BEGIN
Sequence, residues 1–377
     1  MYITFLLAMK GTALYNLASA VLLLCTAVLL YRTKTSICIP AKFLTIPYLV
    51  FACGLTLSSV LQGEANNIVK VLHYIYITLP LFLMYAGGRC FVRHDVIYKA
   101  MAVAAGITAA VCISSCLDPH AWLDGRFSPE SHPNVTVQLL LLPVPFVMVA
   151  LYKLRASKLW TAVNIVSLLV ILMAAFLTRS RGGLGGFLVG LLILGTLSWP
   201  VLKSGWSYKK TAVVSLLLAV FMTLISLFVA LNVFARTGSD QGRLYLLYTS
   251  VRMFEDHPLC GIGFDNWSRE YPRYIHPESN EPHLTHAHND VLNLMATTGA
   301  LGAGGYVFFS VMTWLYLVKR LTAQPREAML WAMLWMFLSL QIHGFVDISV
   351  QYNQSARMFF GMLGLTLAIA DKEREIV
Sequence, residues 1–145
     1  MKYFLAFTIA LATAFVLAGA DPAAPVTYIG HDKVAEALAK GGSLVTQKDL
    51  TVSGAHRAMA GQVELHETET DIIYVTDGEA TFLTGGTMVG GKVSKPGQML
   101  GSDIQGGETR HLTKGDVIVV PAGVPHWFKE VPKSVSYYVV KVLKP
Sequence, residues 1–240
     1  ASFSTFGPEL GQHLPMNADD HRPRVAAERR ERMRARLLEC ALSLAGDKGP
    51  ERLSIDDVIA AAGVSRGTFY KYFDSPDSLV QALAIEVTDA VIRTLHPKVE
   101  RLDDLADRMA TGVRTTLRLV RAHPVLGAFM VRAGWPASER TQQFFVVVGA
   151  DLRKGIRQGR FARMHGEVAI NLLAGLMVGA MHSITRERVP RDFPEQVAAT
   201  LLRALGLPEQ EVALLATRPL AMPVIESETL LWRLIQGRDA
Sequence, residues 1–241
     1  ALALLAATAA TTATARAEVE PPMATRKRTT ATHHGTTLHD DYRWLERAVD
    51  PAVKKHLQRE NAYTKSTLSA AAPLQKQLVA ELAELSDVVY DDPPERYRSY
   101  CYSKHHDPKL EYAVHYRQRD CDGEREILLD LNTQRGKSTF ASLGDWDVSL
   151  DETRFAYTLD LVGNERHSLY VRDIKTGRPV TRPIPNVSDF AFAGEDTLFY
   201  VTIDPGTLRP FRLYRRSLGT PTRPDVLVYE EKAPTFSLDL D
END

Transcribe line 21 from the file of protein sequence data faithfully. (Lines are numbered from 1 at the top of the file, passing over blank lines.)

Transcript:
     1  ALALLAATAA TTATARAEVE PPMATRKRTT ATHHGTTLHD DYRWLERAVD